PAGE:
THE UK Government’s decision to immediately end the free movement of people on October 31 if Britain left the EU without a deal has been branded “reckless” by campaigners for EU citizens’ rights.

The Liberal Democrats also denounced the Conservatives’ approach as “chaos gone mad,” warning it would threaten Britain’s economy and its public services.

No 10 said the system allowing EU citizens to freely live and work in the UK would "look different" after Brexit Day with changes including tougher checks to prevent foreign criminals entering the country.

Ministers were warned that dramatically changing the system on October 31 could leave the UK facing "another Windrush"; a reference to the immigration scandal which led to Amber Rudd's resignation as Home Secretary in April 2018.

Last week, Home Office officials produced a discussion paper for a ministerial no-deal Brexit meeting, which warned that implementing an immediate ban on free movement could present a "handling and reputational risk" for the Government.

A Whitehall source said the document raised concerns that an "interim" immigration system would prove impossible to enforce because the Government and employers would be unable to distinguish new arrivals from those already living in Britain.

It recommended that free movement should continue until a new immigration system was ready in January 2021 to provide "maximum certainty" to EU citizens and employers.

However, Downing St confirmed an immediate end to free movement “as it currently stands” on October 31 and said that Boris Johnson and Priti Patel, the Home Secretary, would shortly set out details of the Government’s new immigration system.

The Prime Minister has made clear he wants to introduce an Australian-style points-based system to cater for the UK’s specific needs after Brexit.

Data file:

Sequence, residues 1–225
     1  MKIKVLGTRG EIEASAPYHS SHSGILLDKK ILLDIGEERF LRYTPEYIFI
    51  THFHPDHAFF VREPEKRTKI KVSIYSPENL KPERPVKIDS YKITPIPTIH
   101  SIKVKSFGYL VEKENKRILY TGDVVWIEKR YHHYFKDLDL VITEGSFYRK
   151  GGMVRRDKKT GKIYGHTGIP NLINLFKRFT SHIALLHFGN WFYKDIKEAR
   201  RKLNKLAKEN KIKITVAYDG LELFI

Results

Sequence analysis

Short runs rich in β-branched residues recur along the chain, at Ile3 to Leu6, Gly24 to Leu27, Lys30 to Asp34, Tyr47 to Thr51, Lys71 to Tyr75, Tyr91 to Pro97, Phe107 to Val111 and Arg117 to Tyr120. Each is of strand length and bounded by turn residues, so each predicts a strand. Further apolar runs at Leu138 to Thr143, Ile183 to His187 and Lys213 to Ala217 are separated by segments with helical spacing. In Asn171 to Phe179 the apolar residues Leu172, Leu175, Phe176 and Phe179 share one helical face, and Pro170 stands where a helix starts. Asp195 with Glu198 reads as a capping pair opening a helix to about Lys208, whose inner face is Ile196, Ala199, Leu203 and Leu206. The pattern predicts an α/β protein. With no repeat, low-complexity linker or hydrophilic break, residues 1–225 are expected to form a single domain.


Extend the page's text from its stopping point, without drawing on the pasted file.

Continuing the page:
His spokeswoman insisted that EU citizens currently resident in the UK would not be prevented from re-entering the country after trips abroad, although it was unclear how checks would be carried out.

The system allowing EU citizens to apply for settled status would be unchanged and the two million people who had not yet completed the process would not be prevented from entering the UK by the ending of free movement.

"The Home Office have set out that no one eligible for settled status will be unable to re-enter the UK when free movement ends and they have obviously been doing a significant amount of work to communicate how you apply," she explained.

A Home Office spokesman told The Herald that the issue of how an EU citizen, re-entering Britain at the border, would prove their eligibility to reside in the UK was one of the issues the department was still looking into but he made clear it would be resolved before October 31.

However, the 3 Million group, which campaigns for the rights of EU citizens in the UK, said: "The idea of ending freedom of movement abruptly on October 31 in case of no-deal is reckless politics.

"It hollows out the Prime Minister's unequivocal guarantee to EU citizens he has given only three weeks ago.”

It warned that ending freedom of movement without putting in place legal provisions for the majority of EU citizens, who had not yet successfully applied through the settlement scheme, would mean millions of lawful citizens would have their legal status removed overnight.

"We have been calling for the settlement scheme to be a declaratory registration scheme, so all EU citizens who have made the UK their home are automatically granted status, as promised by those in Government.

"Otherwise, this will open the door to mass discrimination under the hostile environment with employers, landlords, banks and the NHS unable to distinguish between those EU citizens with the right to live and work in the UK and those without," it added.

Sir Ed Davey for the Liberal Democrats claimed there was a "question-mark" over whether the Government's plans to end freedom of movement on October 31 was legal and whether the ports and the borders "could actually cope logistically".

He said: “This is increasing uncertainty for all employers and could be highly damaging for people using the NHS or depend on the services of a business that has EU workers."

Sir Ed, noting how the Government had “not even said what they'd put in its place," added: "This is chaos gone mad. Priti Patel is almost setting fire to the British economy and British public services."